Doris Kearns Goodwin: I decided when my two little kids were one and two years old, to give up being a professor at Harvard. Harvard had been an identity. When you are connected to a university -- and especially one like Harvard -- you go places and you say, "I'm a Harvard professor." They know who you are. I had written my Lyndon Johnson book, but I didn't have the same confidence that I could be as good a writer as I thought I was as a teacher. So it was scary to give up that umbrella in a certain sense. But... I knew that if I could spend the time writing and being at home with my kids, that if I could do that, it would give me more satisfaction, because I wouldn't feel torn in a million directions, as I was feeling. Luckily, it really did work out, because I don't think I would have had the chance to write the book on the Kennedys, to write the book on Franklin Delano Roosevelt, if I was also trying to teach. I think I would have been doing things sort of half well all the way through. It wasn't so easy at that time.

[ Key to Success ] Courage

I remember when I was writing the Kennedy book, after I gave up the teaching at Harvard, and I was at a cocktail party. I heard somebody say, without realizing I could hear them, "Well whatever happened to Doris Kearns anyway?" As if somehow I had died, because I no longer was a public figure. I remember wanting to hit them and say, "I've had three kids, that's what happened to me!"

It all has worked out. I couldn't ask for more than the kind of recognition that I've had as a historian. I didn't know that at the time, when I gave up something that was of value to me. I had to do it, because I wasn't happy trying to be moved in a million directions at the same time.

What do you think you learned from writing these thorough biographies of the presidents? Do you admire them? What do you feel after you've written about them?

Doris Kearns Goodwin: That's a good question, when you spend as long as it takes -- it does me, anyway -- to write these biographies. It took me five years on Lyndon Johnson, ten years on the Kennedys, six years on the Roosevelts. Inevitably, you get shaped by the people that you're thinking about during that period of time.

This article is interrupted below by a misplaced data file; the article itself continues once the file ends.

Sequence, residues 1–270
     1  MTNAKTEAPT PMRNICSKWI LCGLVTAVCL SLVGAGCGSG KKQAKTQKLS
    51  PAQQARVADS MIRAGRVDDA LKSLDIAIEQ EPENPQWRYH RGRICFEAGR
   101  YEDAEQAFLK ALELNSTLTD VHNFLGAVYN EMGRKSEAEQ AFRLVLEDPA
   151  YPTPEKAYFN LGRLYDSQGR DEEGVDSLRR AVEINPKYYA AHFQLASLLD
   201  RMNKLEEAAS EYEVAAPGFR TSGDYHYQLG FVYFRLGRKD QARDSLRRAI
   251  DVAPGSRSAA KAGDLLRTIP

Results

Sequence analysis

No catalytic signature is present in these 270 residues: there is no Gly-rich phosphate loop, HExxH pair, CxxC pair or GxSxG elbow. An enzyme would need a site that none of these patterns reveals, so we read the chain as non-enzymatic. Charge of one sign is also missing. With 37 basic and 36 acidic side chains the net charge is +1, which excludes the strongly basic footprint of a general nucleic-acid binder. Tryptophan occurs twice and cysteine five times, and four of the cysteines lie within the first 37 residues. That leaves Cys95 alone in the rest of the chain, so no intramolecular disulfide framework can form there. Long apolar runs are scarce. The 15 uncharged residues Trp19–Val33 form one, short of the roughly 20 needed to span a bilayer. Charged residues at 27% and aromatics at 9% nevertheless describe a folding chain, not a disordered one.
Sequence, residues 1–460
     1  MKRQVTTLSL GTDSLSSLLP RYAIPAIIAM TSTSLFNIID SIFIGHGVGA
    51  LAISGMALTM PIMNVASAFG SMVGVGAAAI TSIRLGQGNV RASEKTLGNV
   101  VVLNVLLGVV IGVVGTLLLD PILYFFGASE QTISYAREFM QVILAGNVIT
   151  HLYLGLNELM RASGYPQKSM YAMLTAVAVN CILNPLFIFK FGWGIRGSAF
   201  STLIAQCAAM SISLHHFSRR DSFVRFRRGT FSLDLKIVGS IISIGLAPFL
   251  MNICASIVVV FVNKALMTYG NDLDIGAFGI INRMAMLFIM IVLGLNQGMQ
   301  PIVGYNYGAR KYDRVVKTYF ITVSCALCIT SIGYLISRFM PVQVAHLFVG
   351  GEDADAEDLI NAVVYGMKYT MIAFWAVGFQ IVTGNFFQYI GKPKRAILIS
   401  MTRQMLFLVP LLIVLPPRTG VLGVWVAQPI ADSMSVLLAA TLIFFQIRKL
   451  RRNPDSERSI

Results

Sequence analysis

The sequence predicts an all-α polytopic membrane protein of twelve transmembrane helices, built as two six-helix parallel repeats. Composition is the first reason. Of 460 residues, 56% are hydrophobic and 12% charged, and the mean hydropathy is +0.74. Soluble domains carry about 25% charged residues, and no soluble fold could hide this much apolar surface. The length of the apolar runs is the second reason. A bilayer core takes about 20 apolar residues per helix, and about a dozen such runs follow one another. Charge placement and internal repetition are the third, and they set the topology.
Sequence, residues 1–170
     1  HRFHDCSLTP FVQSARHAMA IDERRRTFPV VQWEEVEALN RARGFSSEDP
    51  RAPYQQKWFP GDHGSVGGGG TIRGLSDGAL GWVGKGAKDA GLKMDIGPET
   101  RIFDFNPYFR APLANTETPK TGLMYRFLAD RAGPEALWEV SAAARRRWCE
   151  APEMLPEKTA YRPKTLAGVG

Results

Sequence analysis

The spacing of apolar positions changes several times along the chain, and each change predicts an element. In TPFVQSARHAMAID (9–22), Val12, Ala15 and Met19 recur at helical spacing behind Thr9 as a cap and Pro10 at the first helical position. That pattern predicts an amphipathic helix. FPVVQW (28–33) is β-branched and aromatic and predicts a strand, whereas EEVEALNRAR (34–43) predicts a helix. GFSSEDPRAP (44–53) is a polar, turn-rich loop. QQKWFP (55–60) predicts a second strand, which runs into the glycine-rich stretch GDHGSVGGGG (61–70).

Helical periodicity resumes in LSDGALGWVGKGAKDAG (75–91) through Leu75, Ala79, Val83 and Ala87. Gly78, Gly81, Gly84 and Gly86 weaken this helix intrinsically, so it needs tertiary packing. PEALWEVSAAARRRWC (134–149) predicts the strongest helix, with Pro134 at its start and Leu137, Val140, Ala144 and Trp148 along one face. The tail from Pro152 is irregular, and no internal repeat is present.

Doris Kearns Goodwin Interview Photo
As I said, I think with Lyndon Johnson, the most important thing I learned was that he never had the sense of security that comes from inside. It always depended on other people making him feel good about himself, which meant that he was always beholden, continually needing to succeed. He could never stop. There was such a restlessness in him. I think some people who go into public life, if they go in needing the applause of thousands, they're never going to work out successfully in the end, because they don't know who they are apart from the crowds. I think that was the lesson I learned most from him.

You can be enormously effective for a period of time, because it's almost like there's an engine in you that needs to keep going, and you have a greater drive than other people -- who may be more happy and balanced in life -- because you have to keep going out and proving yourself over and over again.

He (LBJ) told me that his mother loved him greatly, but always made him feel that unless he kept succeeding, she would withdraw love from him. If he came home with a bad report card, for instance, she would actually pretend that he had died. She would sit at the dinner table and say to her husband and his brother, "Isn't it too bad that Lyndon has gone from us." That is a pretty severe statement, to make somebody feel that, "Unless I keep succeeding, there's not going to be anything for me there. "